Tropical Storm Paulette has now overcome the unfavorable wind shear affecting the tropical cyclone and gradual strengthening is forecast. Paulette is now forecast to near Bermuda as a powerful hurricane Sunday night through Monday.
This is the seventeenth tropical cyclone of the 2020 Atlantic Hurricane Season and the earliest 16th named storm in Atlantic history. The previous record was Philippe, which formed on September 17th, 2005.
This tropical cyclone is not forecast to directly impact Trinidad, Tobago, or the Lesser Antilles. However, Paulette has produced long-period swells that are propagating across the region, with adverse impacts possible across the Leewards ongoing, and high surf across parts of the Windwards.
A trough extending southward from its large circulation has degraded the weak pressure gradient across T&T and the Lesser Antilles. Winds are now from the south, at times from the southwest across T&T.
Friday night into Saturday, strong thunderstorms off the Northern Coast of Venezuela will move offshore toward Trinidad, bringing hazardous seas in the Gulf of Paria and adverse weather across Trinidad on Saturday due to southerly winds.
At 5:00 PM AST, the center of Tropical Storm Paulette was located near latitude 24.6 North, longitude 53.7 West. Paulette is moving toward the northwest near 13 mph (20 km/h). A motion toward the northwest or west-northwest is expected through Sunday night, followed by a sharp turn toward the north by late Monday. On the forecast track, the center of Paulette should be near Bermuda Sunday night and Monday.
Maximum sustained winds are near 65 mph (100 km/h) with higher gusts. Strengthening is forecast, and Paulette is expected to become a hurricane Saturday or Saturday night. Tropical-storm-force winds extend outward up to 205 miles (335 km) from the center. The estimated minimum central pressure is 989 millibars.
Watches & Warnings
There are no coastal watches or warnings in effect.
Interests in Bermuda should monitor the progress of Paulette. A hurricane watch could be required for the island tonight or early Saturday.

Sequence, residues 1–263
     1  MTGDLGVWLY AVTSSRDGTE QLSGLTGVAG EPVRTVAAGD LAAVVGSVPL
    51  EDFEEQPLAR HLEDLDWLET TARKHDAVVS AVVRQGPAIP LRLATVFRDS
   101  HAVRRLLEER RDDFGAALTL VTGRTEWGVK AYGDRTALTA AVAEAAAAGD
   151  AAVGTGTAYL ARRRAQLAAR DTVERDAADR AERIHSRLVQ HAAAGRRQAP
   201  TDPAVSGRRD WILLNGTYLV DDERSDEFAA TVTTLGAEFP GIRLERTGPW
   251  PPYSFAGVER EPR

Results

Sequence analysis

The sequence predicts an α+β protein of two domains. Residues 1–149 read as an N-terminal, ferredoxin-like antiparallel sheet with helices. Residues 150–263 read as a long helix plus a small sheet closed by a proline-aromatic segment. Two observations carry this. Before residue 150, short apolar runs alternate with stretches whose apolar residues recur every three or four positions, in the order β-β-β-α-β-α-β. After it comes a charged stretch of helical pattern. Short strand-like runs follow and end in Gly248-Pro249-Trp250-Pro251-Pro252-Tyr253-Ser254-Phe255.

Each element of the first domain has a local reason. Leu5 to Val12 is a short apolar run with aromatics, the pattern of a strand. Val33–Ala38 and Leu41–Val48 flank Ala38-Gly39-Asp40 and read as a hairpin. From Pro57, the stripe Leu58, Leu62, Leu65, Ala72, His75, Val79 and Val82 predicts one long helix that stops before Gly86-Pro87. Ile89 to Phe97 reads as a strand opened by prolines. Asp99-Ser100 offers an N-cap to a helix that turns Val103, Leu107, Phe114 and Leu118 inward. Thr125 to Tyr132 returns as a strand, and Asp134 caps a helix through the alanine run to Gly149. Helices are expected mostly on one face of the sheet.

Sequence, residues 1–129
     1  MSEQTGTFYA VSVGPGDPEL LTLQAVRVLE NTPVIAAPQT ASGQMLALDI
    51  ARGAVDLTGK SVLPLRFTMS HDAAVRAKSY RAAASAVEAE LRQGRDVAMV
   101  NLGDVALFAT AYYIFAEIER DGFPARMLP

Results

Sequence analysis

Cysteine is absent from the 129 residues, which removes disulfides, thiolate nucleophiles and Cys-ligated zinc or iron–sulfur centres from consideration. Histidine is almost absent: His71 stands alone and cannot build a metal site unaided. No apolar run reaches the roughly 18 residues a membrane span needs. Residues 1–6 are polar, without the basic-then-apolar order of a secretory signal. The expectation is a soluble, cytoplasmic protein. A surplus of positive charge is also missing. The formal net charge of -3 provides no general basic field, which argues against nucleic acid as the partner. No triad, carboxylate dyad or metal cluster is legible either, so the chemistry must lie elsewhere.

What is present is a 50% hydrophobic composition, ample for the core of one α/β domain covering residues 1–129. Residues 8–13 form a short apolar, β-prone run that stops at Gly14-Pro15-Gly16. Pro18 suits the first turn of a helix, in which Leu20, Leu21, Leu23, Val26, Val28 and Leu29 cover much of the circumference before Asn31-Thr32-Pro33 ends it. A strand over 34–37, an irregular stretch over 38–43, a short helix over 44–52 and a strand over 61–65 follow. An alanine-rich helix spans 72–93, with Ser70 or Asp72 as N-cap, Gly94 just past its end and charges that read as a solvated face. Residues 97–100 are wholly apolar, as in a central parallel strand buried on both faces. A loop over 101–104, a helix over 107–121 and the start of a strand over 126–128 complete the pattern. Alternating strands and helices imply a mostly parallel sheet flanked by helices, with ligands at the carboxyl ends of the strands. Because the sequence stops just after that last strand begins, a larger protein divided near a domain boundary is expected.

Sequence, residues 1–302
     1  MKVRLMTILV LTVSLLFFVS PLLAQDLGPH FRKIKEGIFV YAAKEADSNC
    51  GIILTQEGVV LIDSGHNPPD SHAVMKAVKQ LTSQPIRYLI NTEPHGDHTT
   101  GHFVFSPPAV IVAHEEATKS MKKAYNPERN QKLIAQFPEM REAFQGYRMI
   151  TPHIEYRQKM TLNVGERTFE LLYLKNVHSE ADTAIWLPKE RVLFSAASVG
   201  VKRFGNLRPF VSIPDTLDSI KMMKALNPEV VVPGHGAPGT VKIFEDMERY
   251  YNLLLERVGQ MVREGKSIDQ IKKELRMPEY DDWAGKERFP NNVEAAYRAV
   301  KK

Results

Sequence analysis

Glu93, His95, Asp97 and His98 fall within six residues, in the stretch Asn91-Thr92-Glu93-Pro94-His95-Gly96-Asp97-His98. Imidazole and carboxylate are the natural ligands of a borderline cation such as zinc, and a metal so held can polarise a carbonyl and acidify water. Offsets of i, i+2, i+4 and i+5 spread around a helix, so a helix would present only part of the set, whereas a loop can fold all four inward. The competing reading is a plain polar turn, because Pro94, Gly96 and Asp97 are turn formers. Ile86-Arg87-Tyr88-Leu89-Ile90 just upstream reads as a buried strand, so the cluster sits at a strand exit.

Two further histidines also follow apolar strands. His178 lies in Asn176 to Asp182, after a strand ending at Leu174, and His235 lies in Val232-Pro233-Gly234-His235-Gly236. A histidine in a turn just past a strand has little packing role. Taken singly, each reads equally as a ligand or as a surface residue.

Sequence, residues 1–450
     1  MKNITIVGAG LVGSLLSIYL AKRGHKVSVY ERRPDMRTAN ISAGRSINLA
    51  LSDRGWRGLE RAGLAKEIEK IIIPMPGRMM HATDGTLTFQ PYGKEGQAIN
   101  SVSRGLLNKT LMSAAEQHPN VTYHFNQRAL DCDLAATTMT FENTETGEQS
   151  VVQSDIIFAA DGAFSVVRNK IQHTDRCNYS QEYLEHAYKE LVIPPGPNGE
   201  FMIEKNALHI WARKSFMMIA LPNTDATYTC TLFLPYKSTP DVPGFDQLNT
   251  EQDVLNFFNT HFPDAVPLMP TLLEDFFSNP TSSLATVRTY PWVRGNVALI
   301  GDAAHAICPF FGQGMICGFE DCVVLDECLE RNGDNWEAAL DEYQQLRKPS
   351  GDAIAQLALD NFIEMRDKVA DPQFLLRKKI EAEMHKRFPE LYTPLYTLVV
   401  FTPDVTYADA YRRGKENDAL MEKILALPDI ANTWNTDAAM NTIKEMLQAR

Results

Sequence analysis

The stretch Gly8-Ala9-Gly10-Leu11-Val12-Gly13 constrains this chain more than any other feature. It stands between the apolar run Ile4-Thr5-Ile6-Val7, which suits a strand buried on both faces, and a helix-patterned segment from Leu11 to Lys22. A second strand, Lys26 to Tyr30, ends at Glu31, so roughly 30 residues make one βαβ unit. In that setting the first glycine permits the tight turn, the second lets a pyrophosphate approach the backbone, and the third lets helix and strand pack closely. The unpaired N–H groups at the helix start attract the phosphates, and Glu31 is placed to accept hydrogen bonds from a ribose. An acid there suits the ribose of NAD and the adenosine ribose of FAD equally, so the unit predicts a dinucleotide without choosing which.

Hazards Affecting Land
SURF: Swells generated by Paulette are affecting portions of the Leeward Islands and will continue to spread westward to portions of the Greater Antilles, Bahamas, Bermuda, and the southeastern United States into the weekend. These swells are likely to cause life-threatening surf and rip current conditions. Please consult products from your local weather office.
A high surf advisory is in effect for Montserrat, St Kitts, and Nevis. A High Surf Warning is in effect for Antigua, Barbuda, Anguilla, and the British Virgin Islands. For T&T, while long-period swells are forecast Friday into Saturday, mainly affecting Northern and Eastern Coasts, adverse impacts are not anticipated at this time.
This system is of no direct threat to the Windward Islands, including Trinidad and Tobago.
Tropical Storm Paulette Forecast Discussion
Paulette inconveniently fell in a gap between all three ASCAT passes this morning, so we haven’t gotten any better handle on the cyclone’s intensity since last evening’s pass. However, Dvorak classifications have not budged, so maintaining the initial intensity of 55 kt seems sound. In addition, although an AMSR microwave pass from around 17 UTC still showed the system being sheared, it also revealed a ragged mid-level eye feature. Since the shear is expected to abate to less than 10 kt by 48 hours, Paulette is likely to intensify, possibly significantly so, and it is now forecast to become a hurricane on Saturday. The intensification trend is expected to continue through day 4, and Paulette has the potential to be a dangerous hurricane when it makes its closest approach to Bermuda on Monday. Paulette’s forecast peak intensity (on day 4) has been nudged up slightly, lying near the SHIPS and HCCA guidance, but still a little below the latest HWRF simulation.
Paulette has picked up some speed and is now moving toward the northwest (310 degrees) at 11 kt. The track forecast reasoning has not changed since this morning. Paulette should maintain a motion toward the northwest or west-northwest during the next 2 to 3 days to the south of a weakening subtropical ridge. By day 3, a longwave trough is forecast to move across the northeastern United States, eroding the ridge eastward, and causing Paulette to recurve sharply toward the north and northeast in the vicinity of Bermuda on Monday. After that time, Paulette is forecast to become embedded in the mid-latitude flow and accelerate northeastward toward the north Atlantic. The spread in the track guidance has continued to tighten up, which increases the confidence in the official track forecast. The updated forecast has been shifted slightly westward around the time that Paulette will be near Bermuda, and it is embedded among the usually-reliable GFS, ECMWF, and HCCA model solutions.
- Paulette is expected to approach Bermuda as a hurricane during the next couple of days and make its closest approach to the island on Monday. A prolonged period of strong winds, storm surge, and heavy rainfall on Bermuda beginning Sunday night is becoming more likely, and a hurricane watch could be required for the island tonight or early Saturday.
- Swells produced by Paulette are affecting portions of the Leeward Islands and will continue to spread westward to the Greater Antilles, the Bahamas, Bermuda, and the southeastern United States into the weekend. These swells could cause life-threatening surf and rip current conditions.
Forecast Discussion by Forecaster Berg from the NHC.